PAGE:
Are recent performance and trends of New York State’s finances sustainable? The following post will argue that New York’s finances are in a non-sustainable path, facing major projected budget deficits that require fiscal reform.
To answer this question, we’ll go through a critical assessment of the State’s revenues, expenditures, deficits, and debt based on annual survey data by the US Census Bureau from 2005 to 2009. Furthermore, New York State figures will be compared with those of other states and, as suggested by Mikesell (2010), we will review the influence of budgeting structures, institutions, and practices.
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NY State revenue sources, structure and administration
New York State’s total revenue can be structured in three categories: general revenue, utility revenue, and insurance trust revenue. Depending on the year, the general category represents between 73% and 80% of total revenue, utility between 4% and 9%, and insurance trust between 0% and 23%.
In short, the state’s revenues are in a delicate situation. Moreover, as the economy recovers (…), structural challenges can remain unless bold fiscal reform is implemented in three areas with respect to revenue planning and execution: the worsening situation of tax gaps, the need to increase revenue faster than expenditure (this issue is further developed in section five), and better risk management in the insurance trust system.
Tax revenue is the category with highest standard deviation in New York State’s finances. Moreover, economic activity elasticity of tax revenue (Et) displayed in table 2 suggests that annual rates of change of tax revenue, which have been higher than those of the State’s economic activity, are decreasing fast. While in year 2006, tax revenue grew four times faster than New York’s economic activity (Et = 4.1), in year 2008 it dropped to 2.9 and in year 2009 it felt further to 0.1. If this elasticity becomes less than one, the State will have a de facto tax gap.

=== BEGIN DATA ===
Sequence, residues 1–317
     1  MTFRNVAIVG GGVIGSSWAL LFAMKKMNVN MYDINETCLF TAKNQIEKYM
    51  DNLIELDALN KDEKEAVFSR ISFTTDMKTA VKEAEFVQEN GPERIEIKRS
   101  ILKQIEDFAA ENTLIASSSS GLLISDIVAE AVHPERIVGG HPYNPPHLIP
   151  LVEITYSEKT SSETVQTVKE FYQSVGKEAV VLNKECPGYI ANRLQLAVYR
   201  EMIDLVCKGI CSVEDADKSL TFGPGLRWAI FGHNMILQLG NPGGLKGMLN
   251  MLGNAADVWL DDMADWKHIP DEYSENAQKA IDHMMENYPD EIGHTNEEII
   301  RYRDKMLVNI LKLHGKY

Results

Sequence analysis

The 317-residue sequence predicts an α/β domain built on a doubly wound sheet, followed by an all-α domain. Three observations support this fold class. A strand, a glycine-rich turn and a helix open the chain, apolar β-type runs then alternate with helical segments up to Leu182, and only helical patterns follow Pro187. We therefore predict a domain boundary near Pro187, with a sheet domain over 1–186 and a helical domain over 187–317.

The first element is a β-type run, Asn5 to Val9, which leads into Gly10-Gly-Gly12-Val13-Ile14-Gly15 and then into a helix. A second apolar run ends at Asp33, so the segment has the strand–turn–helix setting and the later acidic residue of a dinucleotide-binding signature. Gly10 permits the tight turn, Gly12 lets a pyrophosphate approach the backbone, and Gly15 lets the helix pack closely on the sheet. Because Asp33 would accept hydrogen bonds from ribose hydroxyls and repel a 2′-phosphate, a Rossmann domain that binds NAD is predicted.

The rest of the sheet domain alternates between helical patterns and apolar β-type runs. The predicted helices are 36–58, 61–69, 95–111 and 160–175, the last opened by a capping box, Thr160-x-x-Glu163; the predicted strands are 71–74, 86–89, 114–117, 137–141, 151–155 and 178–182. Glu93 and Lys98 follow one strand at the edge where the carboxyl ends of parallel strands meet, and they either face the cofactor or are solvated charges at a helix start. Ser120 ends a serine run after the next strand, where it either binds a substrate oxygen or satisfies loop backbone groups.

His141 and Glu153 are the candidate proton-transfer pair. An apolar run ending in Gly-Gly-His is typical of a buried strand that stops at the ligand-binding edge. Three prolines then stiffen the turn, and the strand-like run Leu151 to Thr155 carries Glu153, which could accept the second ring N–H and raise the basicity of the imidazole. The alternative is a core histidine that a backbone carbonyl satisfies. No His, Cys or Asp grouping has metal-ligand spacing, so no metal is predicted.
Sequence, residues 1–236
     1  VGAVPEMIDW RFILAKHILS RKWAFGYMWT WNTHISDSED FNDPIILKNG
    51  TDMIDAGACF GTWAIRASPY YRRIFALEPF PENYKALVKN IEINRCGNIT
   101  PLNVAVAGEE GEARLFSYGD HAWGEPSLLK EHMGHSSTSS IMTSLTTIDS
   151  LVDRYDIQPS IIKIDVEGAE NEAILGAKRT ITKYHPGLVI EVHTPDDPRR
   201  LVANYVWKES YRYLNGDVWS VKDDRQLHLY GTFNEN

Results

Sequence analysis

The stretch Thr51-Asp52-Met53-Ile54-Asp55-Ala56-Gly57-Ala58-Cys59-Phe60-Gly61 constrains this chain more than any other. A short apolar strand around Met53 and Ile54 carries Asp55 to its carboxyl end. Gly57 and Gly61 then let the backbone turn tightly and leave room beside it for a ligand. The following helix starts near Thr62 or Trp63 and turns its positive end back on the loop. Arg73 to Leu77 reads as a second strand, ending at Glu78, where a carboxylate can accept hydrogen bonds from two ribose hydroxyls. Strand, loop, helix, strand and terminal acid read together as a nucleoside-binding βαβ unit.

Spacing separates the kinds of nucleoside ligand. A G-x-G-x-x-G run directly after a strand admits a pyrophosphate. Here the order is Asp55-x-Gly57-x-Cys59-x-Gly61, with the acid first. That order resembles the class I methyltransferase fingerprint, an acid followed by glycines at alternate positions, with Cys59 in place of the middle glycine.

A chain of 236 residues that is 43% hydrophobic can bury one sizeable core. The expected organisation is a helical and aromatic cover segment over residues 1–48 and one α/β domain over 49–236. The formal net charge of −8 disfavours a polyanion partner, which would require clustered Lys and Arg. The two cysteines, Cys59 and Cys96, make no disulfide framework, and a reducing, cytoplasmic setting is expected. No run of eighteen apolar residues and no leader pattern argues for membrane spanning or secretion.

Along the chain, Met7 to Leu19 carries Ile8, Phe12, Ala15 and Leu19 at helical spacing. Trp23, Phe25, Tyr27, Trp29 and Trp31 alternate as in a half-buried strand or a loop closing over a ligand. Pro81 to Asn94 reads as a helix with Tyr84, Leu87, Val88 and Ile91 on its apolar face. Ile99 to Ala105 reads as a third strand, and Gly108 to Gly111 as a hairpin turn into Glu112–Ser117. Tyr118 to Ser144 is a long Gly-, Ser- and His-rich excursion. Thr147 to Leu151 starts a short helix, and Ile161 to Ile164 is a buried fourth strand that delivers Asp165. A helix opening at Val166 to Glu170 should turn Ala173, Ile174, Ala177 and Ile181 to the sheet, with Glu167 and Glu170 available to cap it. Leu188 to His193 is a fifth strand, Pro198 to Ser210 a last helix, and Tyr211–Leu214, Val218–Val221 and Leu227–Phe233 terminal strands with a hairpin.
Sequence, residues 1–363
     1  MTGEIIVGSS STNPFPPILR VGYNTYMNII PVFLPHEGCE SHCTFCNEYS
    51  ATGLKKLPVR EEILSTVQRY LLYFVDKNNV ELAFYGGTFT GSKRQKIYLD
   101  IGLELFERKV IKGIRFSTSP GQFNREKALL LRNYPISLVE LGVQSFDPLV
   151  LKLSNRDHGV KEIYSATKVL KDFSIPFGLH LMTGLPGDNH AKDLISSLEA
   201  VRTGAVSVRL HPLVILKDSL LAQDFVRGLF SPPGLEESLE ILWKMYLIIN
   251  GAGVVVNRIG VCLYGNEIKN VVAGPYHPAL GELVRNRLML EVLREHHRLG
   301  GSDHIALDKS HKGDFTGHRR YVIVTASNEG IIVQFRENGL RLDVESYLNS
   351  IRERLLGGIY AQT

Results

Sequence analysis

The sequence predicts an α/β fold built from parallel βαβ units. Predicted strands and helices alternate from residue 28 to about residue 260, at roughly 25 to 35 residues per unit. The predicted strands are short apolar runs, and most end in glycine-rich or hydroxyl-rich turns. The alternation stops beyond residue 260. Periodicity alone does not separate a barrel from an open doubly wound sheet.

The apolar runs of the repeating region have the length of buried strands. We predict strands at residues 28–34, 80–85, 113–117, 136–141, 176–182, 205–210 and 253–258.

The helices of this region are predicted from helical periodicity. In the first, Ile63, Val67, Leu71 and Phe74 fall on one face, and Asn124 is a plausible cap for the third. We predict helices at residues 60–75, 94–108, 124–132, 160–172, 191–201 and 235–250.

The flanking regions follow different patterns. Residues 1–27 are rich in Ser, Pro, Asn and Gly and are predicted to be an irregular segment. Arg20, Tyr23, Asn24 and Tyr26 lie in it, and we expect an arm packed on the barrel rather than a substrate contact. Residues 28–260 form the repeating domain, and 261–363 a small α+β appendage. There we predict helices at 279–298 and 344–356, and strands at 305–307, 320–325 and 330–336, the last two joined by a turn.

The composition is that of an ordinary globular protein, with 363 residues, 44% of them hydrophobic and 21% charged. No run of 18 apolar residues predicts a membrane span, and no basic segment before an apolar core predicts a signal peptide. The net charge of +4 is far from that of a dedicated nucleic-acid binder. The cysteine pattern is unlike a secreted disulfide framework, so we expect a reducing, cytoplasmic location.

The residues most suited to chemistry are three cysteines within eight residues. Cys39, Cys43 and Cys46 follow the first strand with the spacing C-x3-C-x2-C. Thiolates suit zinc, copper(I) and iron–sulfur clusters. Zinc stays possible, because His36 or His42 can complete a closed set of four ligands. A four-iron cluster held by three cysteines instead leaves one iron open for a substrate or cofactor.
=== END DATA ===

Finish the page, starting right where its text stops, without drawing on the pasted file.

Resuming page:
A widening tax gap, mixed with higher growth rates in expenditures compared to revenues will be a dangerous cocktail. Efforts are required to increase tax revenues through several avenues including reduction of tax avoidance and evasion, as well as exploring the feasibility of tax increases. The latter will naturally require the most careful implementation because it is not only politically challenging, but as the Laffer curve suggests, there is a tax rate after which tax revenue begins to decrease due to evasion and avoidance.
Table 2 – NY State tax gap estimation based on macroeconomic data
Source: US Federal Reserve, US Census Bureau, and author’s elasticity’s calculations
Finally, the issue of risk management in the insurance trust system needs to be improved. This category has the highest standard deviation (implying risk) of all revenue sources; its dramatic drop dragged total revenue; and it is a politically sensible revenue stream. The insurance trust pays for employee retirement, unemployment compensation, workers’ compensation, and disability benefit social insurance programs. This source simply can’t be placed under such a high risk!
Next: expenditure analysis; adequacy of expenditure in main functions (e.g. public welfare); deficit, debt, and the chronic budget crisis; conclusions and recommendations.
 General revenue category is comprised of tax, intergovernmental, current charges, and miscellaneous sub-categories.
 Utility revenue category comprises revenue from government owned and operated water supply, electric light and power, gas supply, and transit systems.
 Insurance trust revenue category is that from the government’s administered plan for social insurance